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Friday, 6 April, 2001, 15:12 GMT 16:12 UK
Analysis: Bosnian Croats' trial of strength
S-For
Nationalists claim Bosnia's administrators have harmed them
By BBC's South-East Europe analyst Gabriel Partos

The clashes between Bosnian Croats and S-For troops in the southern city of Mostar follow months of an increasingly-bitter dispute between Croat nationalists and the international officials who are in charge of overseeing the Bosnian peace process.

The row amounts to a trial of strength between the two, and has provoked questions over whether it could lead to the Bosnian Croats reviving their wartime mini-state.

Diehard Bosnian Croat nationalists, grouped around their main party, the Croatian Democrtic Union (HDZ), began the dispute after Bosnia's elections last November.

Ante Jelavic
Jelavic: Dismissed for undermining peace process
The HDZ claimed that amendments to the election law had deprived the party - by far the strongest among Bosnian Croats - of its traditional place in Bosnia central government.

Likewise, the party has been ousted from the government of the Muslim-Croat federation - one of Bosnia's two entities - where its representatives have been replaced by Croats from multi-ethnic or moderately nationalist parties.

The war of words escalated last month when the HDZ and its associates moved from a boycott of the federal administration to confirm an earlier proposal to set up self-governing power structures for Bosnia's Croats.

That development followed the decision of the international community's High Representative to Bosnia, Wolfgang Petritsch, to sack the Bosnian Croats' representative on Bosnia's collective presidency, Ante Jelavic.


Wolfgang Petritsch's attempts to drive a wedge between the Bosnian Croats and their hardline leaders have not worked so far

Mr Jelavic was among senior HDZ officials who were banned from public office for undermining the Dayton peace process.

The dismissals were designed to penalise HDZ leaders without punishing ordinary Bosnian Croats.

But Mr Petritsch's attempts to drive a wedge between the Bosnian Croats and their hardline leaders have not worked so far.

Deserters

Over the past two weeks, various Bosnian Croat officials and officers in the security forces have resigned from federal institutions.

And a large majority of the Bosnian Croat contingent of around 7,000 soldiers have deserted from the federation's army.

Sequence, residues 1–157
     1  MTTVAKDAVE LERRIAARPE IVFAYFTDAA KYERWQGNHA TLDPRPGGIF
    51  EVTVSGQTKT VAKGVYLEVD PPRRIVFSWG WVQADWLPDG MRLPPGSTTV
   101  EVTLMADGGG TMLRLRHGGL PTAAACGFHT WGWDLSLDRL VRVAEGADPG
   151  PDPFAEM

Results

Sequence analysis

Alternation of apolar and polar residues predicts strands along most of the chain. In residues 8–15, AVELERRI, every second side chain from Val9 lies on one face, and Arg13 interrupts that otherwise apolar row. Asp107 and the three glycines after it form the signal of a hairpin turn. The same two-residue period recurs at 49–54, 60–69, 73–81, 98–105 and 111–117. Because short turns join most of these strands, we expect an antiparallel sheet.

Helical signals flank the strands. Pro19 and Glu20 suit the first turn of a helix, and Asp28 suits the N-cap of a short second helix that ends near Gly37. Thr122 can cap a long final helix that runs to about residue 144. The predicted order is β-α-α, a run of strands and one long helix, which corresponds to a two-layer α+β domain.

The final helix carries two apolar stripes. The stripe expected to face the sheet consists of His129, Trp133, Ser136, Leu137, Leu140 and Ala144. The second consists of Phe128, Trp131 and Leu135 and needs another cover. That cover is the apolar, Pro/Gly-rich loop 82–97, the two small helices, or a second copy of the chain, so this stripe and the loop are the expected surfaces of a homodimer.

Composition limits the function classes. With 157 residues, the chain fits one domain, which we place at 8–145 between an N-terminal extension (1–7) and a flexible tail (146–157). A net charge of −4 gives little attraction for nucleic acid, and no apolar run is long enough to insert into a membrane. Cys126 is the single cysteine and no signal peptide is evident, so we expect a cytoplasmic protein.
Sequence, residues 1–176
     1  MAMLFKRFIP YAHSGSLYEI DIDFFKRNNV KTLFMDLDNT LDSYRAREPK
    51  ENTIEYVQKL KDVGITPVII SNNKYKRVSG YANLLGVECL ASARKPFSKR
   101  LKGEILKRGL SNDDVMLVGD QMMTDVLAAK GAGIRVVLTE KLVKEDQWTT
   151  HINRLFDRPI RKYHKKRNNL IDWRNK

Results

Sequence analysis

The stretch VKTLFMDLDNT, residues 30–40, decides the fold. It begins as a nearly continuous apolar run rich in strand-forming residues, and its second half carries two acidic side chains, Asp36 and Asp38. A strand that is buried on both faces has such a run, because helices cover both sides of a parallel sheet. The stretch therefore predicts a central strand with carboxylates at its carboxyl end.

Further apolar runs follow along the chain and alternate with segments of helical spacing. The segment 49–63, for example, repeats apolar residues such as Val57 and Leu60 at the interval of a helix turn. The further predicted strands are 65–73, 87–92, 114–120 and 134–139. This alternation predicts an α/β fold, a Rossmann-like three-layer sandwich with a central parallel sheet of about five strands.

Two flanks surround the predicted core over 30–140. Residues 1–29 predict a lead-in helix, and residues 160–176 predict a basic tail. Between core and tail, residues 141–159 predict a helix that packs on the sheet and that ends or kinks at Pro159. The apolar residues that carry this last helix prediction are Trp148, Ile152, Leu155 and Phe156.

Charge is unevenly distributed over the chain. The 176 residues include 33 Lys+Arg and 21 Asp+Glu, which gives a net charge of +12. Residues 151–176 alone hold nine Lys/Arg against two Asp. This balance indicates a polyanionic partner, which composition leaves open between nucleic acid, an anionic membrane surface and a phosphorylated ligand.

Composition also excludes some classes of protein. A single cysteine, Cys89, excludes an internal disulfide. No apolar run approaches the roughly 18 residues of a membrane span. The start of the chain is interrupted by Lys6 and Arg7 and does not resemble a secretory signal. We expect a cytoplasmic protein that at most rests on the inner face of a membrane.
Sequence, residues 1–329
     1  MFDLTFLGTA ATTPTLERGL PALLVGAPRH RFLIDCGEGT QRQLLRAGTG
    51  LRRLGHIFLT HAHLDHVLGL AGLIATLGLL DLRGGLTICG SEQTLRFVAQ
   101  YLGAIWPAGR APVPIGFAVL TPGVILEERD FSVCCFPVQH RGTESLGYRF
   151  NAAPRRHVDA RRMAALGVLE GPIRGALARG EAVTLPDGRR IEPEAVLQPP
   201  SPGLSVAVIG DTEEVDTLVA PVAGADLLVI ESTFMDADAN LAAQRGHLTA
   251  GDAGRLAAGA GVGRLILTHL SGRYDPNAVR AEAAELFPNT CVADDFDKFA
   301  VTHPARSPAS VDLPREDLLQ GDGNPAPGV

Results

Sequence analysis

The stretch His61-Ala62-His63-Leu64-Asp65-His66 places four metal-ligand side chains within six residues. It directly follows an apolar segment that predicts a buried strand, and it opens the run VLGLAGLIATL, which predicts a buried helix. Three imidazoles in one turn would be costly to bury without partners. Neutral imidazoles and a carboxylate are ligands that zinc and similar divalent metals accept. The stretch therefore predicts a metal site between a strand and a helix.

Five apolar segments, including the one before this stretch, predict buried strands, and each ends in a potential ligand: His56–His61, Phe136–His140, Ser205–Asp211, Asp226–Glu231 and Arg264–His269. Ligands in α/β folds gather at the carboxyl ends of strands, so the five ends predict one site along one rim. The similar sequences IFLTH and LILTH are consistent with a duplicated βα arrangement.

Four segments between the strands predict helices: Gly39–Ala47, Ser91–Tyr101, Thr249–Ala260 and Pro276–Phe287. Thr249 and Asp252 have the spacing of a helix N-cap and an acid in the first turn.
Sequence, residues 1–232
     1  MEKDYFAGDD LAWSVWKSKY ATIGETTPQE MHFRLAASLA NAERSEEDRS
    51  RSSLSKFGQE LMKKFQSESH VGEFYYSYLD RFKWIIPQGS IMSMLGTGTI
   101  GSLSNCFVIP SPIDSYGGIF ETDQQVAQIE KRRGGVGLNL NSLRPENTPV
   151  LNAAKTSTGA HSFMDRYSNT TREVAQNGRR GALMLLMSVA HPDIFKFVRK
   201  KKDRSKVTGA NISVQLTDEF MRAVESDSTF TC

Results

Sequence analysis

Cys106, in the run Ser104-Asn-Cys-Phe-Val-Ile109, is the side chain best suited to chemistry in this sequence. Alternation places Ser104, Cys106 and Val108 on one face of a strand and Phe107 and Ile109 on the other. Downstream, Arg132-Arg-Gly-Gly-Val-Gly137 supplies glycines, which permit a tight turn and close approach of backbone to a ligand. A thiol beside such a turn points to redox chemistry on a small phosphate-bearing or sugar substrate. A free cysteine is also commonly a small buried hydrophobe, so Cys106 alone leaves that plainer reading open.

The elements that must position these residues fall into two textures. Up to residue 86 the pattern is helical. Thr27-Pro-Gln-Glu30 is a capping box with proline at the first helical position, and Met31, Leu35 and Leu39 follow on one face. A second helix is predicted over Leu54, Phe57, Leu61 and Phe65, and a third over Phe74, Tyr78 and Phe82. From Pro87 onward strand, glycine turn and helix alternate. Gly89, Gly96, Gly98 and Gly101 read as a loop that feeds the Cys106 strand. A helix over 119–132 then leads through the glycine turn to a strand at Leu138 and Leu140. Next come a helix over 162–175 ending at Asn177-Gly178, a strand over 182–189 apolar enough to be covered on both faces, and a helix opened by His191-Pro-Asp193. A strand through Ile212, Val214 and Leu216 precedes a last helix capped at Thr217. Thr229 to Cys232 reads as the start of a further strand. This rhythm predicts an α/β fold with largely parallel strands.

The international administration has warned that deserters - along with those who have been sacked - will not get paid.

But the HDZ leadership has promised to pay the deserters - whom it views as an embryonic separate army - 20% more than they were receiving from the federation's army.


It is not yet clear how seriously the clampdown on Hercegovacka Bank may dent the Bosnian Croat hardliners' ability to mobilise funds

This move - along with other initiatives that appear to be aimed at reviving the wartime Bosnian Croat mini-state - has prompted Mr Petritsch now to go beyond his tactics of sacking recalcitrant nationalists. He has now moved on to clamping down on their finances.

Hercegovacka Bank in Mostar, where the clashes broke out, has long been suspected of being a conduit for funding the HDZ's efforts to resist Bosnia's post-war reintegration.

According to recent media reports in Croatia, the HDZ has also syphoned off contributions made by the Croatian government to help the Bosnian Croats.

Crime claims

One account alone in the Hercegovacka Bank containing nearly $30m that originated from Zagreb.

The international takeover of Hercegovacka Bank may now cast some light on what exactly has been going on with funds acquired by the HDZ.

There have been allegations that the Bosnian Croat hardliners have also been financing their political activities from the proceeds of widespread smuggling of refugees, arms and drugs.

It is not yet clear how seriously the clampdown on Hercegovacka Bank may dent the Bosnian Croat hardliners' ability to mobilise funds.

They almost certainly have a range of other financial channels at their disposal.

But Mr Petritsch's latest move shows that he is getting increasingly tough in his trial of strength with the HDZ.

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See also:

28 Mar 01 | Europe
Bosnian Croats desert en masse
19 Mar 01 | Europe
Bosnian Croats postpone self-rule
07 Mar 01 | Europe
Bosnian Croat president fired
21 Nov 00 | Europe
Dayton five years on
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